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Is the sound of televised darts actually a triggered kick drum sample? – MusicRadar

There’s a lot going on in the world right now, but one of the more unusual news stories to emerge this week centres around sound replacement in professional darts broadcasts.

Tony Churnside, who’s describes himself in his Twitter profile as “Radio maker. Immersive/interactive audio expert. Sound PhD. Sound Design.” took to the social media platform to make the claim that the sound we hear through our TV speakers when a dart hits a dartboard is actually, in fact, a bass drum sample.

Tony made the revelation in response to a tweet from UberFacts, which asked “What company secrets can you reveal, now that you don’t work for the company anymore?”

His tweet read, “When watching darts on TV the sound as the dart hits the board is made with a contact mic mounted behind the board which triggers a sample of a kick drum. You may not have had your head that close to a dart board before, but a small point going into felt doesn’t go “thud”.

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The tweet found its way to BBC Radio 1’s Greg James, who discussed it on his show, tweeting a clip of him reading Tony’s tweet accompanied by the caption “This is the biggest scandal of the day”.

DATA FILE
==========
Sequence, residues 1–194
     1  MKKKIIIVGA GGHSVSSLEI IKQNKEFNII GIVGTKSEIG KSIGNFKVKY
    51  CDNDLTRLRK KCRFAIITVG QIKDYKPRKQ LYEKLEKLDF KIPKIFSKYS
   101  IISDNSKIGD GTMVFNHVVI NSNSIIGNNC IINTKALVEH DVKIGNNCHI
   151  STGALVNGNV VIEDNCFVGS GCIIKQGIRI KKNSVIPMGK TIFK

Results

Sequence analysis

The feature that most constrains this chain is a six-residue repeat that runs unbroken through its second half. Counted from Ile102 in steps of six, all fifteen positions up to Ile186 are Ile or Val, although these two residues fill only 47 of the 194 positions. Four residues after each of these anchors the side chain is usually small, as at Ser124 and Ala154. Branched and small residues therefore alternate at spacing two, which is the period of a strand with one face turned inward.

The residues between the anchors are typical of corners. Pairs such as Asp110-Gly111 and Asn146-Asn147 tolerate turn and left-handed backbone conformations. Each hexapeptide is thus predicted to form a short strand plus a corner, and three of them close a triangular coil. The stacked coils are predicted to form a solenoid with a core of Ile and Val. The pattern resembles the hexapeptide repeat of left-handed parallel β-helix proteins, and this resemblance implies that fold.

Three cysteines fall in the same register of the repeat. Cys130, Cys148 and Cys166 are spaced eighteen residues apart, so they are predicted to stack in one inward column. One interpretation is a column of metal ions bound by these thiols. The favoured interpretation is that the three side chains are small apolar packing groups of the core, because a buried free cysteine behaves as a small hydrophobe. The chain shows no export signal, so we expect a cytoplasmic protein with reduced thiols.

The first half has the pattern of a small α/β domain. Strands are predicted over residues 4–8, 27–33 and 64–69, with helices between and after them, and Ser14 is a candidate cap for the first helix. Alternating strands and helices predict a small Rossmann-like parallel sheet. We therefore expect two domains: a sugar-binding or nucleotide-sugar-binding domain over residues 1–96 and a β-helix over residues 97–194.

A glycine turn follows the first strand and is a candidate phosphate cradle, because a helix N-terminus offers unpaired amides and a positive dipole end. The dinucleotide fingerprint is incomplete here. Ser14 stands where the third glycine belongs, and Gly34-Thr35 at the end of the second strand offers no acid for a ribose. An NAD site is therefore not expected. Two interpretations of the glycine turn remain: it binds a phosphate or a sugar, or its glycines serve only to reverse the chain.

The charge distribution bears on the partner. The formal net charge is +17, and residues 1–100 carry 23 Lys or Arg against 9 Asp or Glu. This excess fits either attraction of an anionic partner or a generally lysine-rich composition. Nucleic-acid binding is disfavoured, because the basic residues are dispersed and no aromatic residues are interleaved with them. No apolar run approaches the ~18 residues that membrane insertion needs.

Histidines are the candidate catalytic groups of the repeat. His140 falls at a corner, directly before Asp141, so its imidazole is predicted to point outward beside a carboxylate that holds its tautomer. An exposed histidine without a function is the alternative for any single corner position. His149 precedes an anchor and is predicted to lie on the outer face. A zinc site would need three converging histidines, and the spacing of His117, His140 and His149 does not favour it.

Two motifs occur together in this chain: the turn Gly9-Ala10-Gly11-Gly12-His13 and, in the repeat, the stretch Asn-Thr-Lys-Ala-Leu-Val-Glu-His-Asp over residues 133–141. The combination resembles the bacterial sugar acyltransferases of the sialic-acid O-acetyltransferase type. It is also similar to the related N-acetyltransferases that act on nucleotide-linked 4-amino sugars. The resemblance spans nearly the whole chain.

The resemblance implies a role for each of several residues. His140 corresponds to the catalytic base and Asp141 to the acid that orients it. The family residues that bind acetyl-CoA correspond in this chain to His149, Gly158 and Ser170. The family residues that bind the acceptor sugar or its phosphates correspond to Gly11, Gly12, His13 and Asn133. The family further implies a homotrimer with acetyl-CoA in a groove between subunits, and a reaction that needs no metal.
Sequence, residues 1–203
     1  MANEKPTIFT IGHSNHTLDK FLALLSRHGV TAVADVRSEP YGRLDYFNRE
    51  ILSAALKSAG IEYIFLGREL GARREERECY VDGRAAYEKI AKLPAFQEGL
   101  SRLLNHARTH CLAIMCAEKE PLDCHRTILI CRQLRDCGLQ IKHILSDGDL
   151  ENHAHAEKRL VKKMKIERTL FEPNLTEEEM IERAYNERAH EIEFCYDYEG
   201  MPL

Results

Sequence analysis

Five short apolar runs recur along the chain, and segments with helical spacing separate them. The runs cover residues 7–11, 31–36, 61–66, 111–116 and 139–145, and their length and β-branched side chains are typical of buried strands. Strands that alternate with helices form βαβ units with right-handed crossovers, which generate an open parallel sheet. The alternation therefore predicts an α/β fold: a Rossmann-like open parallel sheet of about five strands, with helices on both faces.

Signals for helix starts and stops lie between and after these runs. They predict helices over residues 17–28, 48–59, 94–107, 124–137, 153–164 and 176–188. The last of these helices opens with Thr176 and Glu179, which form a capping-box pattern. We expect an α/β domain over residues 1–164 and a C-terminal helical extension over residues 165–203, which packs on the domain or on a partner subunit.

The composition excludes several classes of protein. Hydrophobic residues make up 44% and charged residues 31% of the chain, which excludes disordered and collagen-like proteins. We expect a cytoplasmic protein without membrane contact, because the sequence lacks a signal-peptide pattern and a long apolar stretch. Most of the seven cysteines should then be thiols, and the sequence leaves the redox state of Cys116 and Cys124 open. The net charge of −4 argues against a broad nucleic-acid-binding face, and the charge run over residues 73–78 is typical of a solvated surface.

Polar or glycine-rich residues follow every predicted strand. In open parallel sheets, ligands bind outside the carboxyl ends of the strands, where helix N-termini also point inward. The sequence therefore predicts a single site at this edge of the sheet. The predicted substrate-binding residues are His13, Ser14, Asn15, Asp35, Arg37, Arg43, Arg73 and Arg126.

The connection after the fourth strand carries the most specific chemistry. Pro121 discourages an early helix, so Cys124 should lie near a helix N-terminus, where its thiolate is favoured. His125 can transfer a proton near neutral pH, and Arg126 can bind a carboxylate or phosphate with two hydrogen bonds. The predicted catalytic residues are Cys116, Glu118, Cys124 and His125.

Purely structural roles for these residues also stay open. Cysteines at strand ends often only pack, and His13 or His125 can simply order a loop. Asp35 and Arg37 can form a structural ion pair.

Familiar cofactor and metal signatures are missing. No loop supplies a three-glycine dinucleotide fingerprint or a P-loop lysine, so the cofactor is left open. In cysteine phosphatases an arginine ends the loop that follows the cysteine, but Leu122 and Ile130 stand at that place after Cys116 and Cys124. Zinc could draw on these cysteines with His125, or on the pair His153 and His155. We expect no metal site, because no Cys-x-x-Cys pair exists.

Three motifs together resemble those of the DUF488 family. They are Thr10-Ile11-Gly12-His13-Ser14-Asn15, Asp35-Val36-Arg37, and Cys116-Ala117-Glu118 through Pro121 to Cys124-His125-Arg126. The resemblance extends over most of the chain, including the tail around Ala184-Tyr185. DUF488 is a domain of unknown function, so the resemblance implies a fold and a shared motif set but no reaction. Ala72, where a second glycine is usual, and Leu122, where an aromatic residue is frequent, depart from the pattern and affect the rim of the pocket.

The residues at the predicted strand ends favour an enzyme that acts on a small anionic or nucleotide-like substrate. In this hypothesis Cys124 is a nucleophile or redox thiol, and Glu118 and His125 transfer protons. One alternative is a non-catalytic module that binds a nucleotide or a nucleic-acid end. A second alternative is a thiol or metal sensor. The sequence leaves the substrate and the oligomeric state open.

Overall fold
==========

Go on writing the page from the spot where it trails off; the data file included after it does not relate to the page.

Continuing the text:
James later followed-up with his own on-air ‘investigation’ on Wednesday, reading an email from Dave Allen, Head of Media for the Professional Darts Corporation which disputed the claim.

“Unfortunately, it’s not true that it’s a kick drum.” Allen says. “There are four holes in the wooden backboard and these have microphones in them to pick up the sound. They’re behind the 20, 19, 6, 11. If people listen carefully they can hear the difference between his, ie. the triple-20 is different to the double-18, for instance.”

However James also contacted original tweeter, Tony Churnside, who pointed James towards a Radio 4 documentary, where BBC Sound Superviser, Andy James is quoted saying, 

“Darts is all about fun, so you know, we like to have a bit of fun with the sound. So what we do is we use the real sound of the dart hitting the board to trigger some samples. 

“We play around with kick drums, snare drums, dustbins falling over, anything else we can find. It just adds a bit of fun, really, to what can get a bit repetitive.” 

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Meanwhile, Greg James has vowed to continue his so-far inconclusive investigation.